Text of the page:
Voice of the Employee

Young people are most likely to have lost work or seen their income drop because of Covid-19, a report suggests. More than one in three 18 to 24-year-olds is earning less than before the outbreak, research by the Resolution Foundation claims.

It said younger workers risk their pay being affected for years, while older staff may end up involuntarily retired. The number of people in the UK claiming and receiving unemployment benefit soared last month. The figure went up by 856,500 to 2.097 million in April, the Office for National Statistics (ONS) said. Separate ONS figures showed UK unemployment rose by 50,000 to 1.35 million in the three months to March.

Jonathan Athow, from the ONS, said employment “held up well” in March, but hours worked “fell sharply” towards the end of the month – particularly in areas like hospitality and construction.

Speaking about the figures on BBC Breakfast, Work and Pensions Secretary Therese Coffey said “we won’t have a more detailed understanding for about another month”.

Young people tend to be hardest hit by economic slumps.

Around a quarter of 18 to 24-year-olds have been furloughed – meaning they do not work but their firms keep them on their books and the government covers 80% of their wages.

A further 9% have lost their jobs altogether – the highest figure out of all age groups.

Industries that traditionally employ younger staff such as pubs, restaurants and leisure centres have remained shut throughout the UK’s eight-week lockdown, as have many shops.

Employees across all age groups were found to be more likely to earn less than they did in January than earn more.

Those aged 35 to 44 were the least likely to have been furloughed or lost their jobs, with around 15% experiencing this since the outbreak began.

Ms Coffey told the BBC’s Today programme that the UK should be prepared for the unemployment rate to “increase significantly”.

She said there are still vacancies available in areas such as retail and agricultural work, but that opportunities will vary around the country.

The DWP is working with other departments to help people back into work, she added. “That will also focus, I think, on younger people,” she said. “The longer that people are away from the workplace makes it, often, more challenging to get that dream career that they’re looking for.”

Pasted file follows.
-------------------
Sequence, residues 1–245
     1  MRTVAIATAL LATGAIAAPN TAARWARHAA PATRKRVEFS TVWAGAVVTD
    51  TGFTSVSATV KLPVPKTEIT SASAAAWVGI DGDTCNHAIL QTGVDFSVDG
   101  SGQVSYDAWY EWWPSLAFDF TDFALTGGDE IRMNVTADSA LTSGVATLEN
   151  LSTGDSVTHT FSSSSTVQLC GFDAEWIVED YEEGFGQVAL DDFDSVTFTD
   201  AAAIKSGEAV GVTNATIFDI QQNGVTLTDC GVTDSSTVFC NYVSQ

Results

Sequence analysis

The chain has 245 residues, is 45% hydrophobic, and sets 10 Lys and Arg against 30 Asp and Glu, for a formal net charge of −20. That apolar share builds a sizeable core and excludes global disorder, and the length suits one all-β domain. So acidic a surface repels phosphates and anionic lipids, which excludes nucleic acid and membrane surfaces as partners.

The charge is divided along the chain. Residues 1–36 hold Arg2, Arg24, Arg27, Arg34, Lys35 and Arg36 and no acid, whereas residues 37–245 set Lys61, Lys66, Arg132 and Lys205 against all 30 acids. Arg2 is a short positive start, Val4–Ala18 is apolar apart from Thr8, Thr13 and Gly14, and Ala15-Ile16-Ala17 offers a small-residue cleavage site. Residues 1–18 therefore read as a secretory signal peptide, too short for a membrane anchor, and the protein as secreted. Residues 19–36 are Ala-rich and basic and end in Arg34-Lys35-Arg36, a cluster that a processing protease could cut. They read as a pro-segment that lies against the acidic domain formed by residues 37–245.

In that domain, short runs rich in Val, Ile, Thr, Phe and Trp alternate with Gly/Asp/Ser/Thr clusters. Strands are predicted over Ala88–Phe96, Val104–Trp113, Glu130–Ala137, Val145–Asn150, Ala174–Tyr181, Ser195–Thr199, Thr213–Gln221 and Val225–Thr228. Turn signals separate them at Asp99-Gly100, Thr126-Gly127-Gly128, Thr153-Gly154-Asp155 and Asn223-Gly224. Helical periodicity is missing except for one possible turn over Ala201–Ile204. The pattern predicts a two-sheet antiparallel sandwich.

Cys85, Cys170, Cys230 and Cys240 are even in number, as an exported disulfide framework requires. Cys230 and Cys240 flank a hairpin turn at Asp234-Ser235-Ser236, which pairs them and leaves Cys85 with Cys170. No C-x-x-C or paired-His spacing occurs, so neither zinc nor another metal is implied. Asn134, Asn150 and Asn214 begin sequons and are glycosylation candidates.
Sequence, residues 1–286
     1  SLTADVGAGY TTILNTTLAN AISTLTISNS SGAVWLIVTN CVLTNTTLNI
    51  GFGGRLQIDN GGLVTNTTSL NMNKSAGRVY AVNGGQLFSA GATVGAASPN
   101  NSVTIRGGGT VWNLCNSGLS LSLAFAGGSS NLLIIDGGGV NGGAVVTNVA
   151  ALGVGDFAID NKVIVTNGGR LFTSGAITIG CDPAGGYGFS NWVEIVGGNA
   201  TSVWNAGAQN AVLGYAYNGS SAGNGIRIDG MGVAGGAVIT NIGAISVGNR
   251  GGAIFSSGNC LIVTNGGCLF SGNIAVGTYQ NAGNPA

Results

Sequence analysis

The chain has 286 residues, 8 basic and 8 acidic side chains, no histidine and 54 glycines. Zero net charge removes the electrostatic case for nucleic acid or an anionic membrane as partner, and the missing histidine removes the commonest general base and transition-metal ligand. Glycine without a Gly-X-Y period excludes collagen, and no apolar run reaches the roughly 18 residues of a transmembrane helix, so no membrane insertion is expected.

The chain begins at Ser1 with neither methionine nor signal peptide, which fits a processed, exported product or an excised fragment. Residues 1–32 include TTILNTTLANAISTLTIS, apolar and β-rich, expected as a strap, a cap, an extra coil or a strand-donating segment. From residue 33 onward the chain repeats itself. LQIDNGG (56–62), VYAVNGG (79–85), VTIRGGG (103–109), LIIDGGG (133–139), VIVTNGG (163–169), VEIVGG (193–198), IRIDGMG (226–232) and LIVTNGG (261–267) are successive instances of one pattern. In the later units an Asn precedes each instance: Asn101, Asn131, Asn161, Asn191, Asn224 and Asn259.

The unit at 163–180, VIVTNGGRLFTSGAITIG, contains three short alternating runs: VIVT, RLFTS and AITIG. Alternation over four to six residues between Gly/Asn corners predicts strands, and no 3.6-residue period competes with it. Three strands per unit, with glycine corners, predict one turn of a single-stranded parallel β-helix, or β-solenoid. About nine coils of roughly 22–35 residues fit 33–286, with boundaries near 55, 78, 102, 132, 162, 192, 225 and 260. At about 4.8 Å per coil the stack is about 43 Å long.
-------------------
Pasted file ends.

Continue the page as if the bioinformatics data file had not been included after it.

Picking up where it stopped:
Asked about the claim that young people’s incomes could be scarred for years to come, she said: “I think it’s too early to say anything like that at all.”

The Resolution Foundation, which studies earnings of lower and middle income-workers, surveyed more than 6,000 UK adults at the beginning of May.

The Health Foundation, the charity which funded the research, says it was concerned that the current crisis is magnifying already-precarious employment conditions young people face.

However, the report found the scale of pay reductions during the crisis would have been greater were it not for the government’s job retention scheme.

The scheme covers 80% of workers’ pay up to £2,500 per month and was recently extended to October.

A quarter of the workforce, some 7.5 million people, are now covered by the arrangement, which has cost £14bn a month.

However, campaigners said it has made “no difference” to the thousands of people who initially fell through the cracks.

Last week, the chancellor warned it was “very likely” the UK is in a “significant recession”, as figures revealed the economy contracting at the fastest pace since the financial crisis.

Countries around the world are struggling with surges in unemployment due to the pandemic. More than 36 million people are now filing for unemployment benefits in the US, representing almost a quarter of the American workforce.

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